Holy Week is upon us! I wanted to share a few ideas with you all about celebrating Lent and Holy Week. Lent is such a beautiful time. I love what Orthodox Christian priest Anthony Coniaris writes in his book, “ Making God Real in the Orthodox Christian Home”:
It is significant that Lent happens to coincide with Spring in the northern climes. I think there is a wonderful lesson for us in this happy coincidence. Lent should be for all of us a period of placing ourselves in the position where the best things can happen for us. That position for Orthodox Christians is the presence of Christ, where the Sun of His love and power can shine into our arid souls to bring about a real awakening, a real springtime of the soul.
Here are some brief suggestions for celebrating Lent and Holy Week:
- Attend church. As believers in Christ, we are designed to be in community with one another so church attendance should have a priority in this season. Attend church on Shrove Tuesday, Ash Wednesday, any of the services available for celebrating Saints, and attending the liturgies available during Holy Week all lead to a meaningful and beautiful Easter celebration. Children learn by doing and modeling what we are doing.
- In the Anglican Communion, some of my favorite and special Saint days and feasts during Lent include St. David on March 1 (eat leek and potato soup, daffodil crafts, and see the story about St. David at www.mainlesson.com); St. Patrick on March 17th, St. Joseph on March 19th, The Annunciation of Our Lord Jesus Christ to the Blessed Virgin Mary on March 25th, and Innocent of Alaska on March 30th. The Anglican Communion also marks the lives of Dietrich Bonehoeffer on April 9th (which would be wonderful for eighth graders and up to study), and on the life of Adoniram Judson on April 12 (there are several good biographies of him available for older grades aged children).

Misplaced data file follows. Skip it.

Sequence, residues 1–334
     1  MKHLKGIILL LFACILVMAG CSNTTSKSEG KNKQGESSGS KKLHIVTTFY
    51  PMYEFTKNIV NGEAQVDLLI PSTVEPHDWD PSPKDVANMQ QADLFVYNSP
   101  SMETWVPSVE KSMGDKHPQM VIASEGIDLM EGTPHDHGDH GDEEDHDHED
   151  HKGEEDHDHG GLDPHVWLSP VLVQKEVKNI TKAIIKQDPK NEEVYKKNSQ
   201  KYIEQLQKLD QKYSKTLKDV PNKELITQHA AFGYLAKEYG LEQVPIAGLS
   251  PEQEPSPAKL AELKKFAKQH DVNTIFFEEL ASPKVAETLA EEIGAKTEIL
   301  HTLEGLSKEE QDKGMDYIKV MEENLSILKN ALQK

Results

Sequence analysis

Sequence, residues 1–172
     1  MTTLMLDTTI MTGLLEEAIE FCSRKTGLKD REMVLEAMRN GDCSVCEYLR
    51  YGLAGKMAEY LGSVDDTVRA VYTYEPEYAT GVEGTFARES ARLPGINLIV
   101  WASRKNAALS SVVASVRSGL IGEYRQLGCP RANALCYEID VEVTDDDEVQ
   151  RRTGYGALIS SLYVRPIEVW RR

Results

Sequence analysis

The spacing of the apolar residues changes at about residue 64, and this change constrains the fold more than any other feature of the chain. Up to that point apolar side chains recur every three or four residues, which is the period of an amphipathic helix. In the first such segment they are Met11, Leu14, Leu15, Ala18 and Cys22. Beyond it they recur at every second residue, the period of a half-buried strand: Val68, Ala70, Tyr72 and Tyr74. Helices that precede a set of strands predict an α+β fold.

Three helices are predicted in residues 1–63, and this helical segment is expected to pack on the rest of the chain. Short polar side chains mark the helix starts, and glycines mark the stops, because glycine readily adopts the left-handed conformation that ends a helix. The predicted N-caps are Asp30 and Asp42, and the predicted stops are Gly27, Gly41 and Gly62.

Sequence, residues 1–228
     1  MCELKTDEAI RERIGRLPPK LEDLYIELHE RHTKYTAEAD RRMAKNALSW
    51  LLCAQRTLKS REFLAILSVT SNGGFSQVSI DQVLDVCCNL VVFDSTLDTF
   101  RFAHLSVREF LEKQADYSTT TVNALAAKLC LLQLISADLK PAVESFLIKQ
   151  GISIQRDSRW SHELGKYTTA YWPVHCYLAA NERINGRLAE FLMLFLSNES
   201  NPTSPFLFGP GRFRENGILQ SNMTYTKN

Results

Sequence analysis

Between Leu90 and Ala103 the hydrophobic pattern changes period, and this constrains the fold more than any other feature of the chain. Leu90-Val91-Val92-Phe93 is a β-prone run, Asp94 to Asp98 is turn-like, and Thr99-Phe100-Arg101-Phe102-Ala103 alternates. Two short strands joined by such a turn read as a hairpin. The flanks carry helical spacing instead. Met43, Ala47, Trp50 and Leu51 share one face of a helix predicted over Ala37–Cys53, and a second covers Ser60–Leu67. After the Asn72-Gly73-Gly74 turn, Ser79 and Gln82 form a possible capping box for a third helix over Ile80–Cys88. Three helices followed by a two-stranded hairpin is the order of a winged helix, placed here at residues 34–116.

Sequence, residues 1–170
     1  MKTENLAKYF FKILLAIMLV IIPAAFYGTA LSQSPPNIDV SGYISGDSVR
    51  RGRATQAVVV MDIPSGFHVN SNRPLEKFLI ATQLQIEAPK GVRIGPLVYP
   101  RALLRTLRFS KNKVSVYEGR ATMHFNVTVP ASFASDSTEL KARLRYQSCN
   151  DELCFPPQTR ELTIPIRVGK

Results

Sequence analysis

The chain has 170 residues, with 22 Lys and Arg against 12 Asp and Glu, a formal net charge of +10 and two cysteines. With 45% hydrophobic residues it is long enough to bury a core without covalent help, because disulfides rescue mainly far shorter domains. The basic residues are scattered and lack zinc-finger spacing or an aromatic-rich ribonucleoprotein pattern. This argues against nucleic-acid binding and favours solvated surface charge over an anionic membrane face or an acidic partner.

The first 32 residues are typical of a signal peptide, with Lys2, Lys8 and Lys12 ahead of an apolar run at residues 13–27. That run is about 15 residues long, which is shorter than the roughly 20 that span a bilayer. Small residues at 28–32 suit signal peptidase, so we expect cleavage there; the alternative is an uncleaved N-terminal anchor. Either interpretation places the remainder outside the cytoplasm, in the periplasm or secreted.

- Establish a Lenten mood by doing something small, such as taking the time to listen to the birds sing every morning during Lent or watching the sunset every night. This small act of breathing into the world and work of our Creator is so meaningful.
- At the beginning of Lent, use wooden letters available and “bury” the alleluia that is not said during Lenten liturgies. See Elizabeth Foss’ blog for more details here: http://www.elizabethfoss.com/reallearning/2013/02/preparing-for-lent.html
- Create a Lenten calendar.
- Collect alms for your particular religious denomination or a monastery or convent. During Lent many Anglican parishes collect for the United Thank Offering or Episcopal Relief and Development.
- Daily prayer is so important. In the Anglican tradition, The Book of Common Prayer has many places to start with prayer.
- Fasting and confession are integral parts of Lent. Please discuss with your parish priest or spiritual father what is right for your family.
- My favorite books for Lent include “Kevin and the Blackbird’s Nest”, “Ravens of Farne”, “Rechenka’s Eggs”, “Petook” and “The Legend of the Three Trees”. We have many books for Lent and Eastertide, and continue to build up our collection over the years.
- With older children especially, I think one can really get into meaningful conversations about prayer, the role of prayer, and about what God is doing in their lives.
- Gratitude lists
- Make pretzels together.
- Crafts for young ones include wind rings and wind wands, walnut boats to sale, God’s eyes
- Lenten spring cleaning!
- Elizabeth Foss featured Kristin’s Crafts for Kids on her blog. You can learn more here: http://kristinscraftsforkids.blogspot.com/2014/02/craft-kits-for-lent.html
Blessed Holy Week to my Christian readers, and peace to all,